But what do you do once you have data in Kafka, and how do you get it into a form that developers and data analysts can actually work with? In the next part of this article, we’ll explain why the answer to that question, in most cases, is to build a data lake.

Why not read directly from Kafka?

A lot of organizations look at the neatly partitioned data going into their Kafka clusters and are tempted to just read that data directly. While this might sound like an easy fix with minimal data plumbing, it also has major drawbacks that all stem from the fact that Kafka is a system that is highly optimized for writing and reading fresh data.

This means that:

Producing is easy…

  • Unlimited writes: Kafka stores events on one large file on disk, and that file is appended sequentially as new events are processed. This system enables it to achieve truly incredible feats such as completing two million writes per second on three cheap machines.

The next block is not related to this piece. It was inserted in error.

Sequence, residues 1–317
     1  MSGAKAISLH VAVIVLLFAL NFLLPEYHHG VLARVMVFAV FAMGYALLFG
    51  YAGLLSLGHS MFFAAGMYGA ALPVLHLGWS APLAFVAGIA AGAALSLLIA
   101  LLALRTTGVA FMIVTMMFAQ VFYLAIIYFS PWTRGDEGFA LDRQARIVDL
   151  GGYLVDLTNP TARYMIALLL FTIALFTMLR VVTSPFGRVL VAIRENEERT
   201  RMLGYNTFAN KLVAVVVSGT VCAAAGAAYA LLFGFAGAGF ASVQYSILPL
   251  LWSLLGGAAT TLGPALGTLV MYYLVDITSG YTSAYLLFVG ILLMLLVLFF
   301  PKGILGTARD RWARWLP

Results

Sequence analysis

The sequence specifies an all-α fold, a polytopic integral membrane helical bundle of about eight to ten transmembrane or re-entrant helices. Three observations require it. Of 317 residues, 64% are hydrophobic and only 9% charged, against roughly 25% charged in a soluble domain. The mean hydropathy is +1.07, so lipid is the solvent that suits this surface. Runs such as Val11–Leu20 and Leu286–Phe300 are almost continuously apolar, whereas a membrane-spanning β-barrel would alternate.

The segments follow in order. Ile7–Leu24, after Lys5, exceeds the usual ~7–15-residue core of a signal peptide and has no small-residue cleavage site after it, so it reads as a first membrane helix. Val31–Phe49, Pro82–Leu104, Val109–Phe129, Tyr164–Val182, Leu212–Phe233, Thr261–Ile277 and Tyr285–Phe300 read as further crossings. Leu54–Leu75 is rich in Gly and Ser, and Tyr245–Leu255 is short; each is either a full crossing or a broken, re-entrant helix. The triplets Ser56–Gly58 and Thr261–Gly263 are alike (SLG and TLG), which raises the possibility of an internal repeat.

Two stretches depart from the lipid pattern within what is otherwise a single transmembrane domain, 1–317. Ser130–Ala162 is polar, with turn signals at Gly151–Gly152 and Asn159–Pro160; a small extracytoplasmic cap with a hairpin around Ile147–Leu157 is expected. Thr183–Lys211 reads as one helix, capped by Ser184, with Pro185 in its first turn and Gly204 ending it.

• High reliability: Even without too much tweaking, Kafka is highly fault-tolerant and writes just work - you don’t need to worry about losing relevant events.
  • Strong ordering within a partition: Data is ordered sequentially; if two consumers read the same partition, they will both read the data in the same order. This means that multiple, unrelated consumers will see the same ‘reality’ - which can be extremely important in some cases (e.g. when assigning workloads).
  • Exactly-once writing: Kafka 0.11 introduced exactly-once writing, which is very handy as a means of reducing efforts on the consumer side.

…but consuming is hard (and expensive!)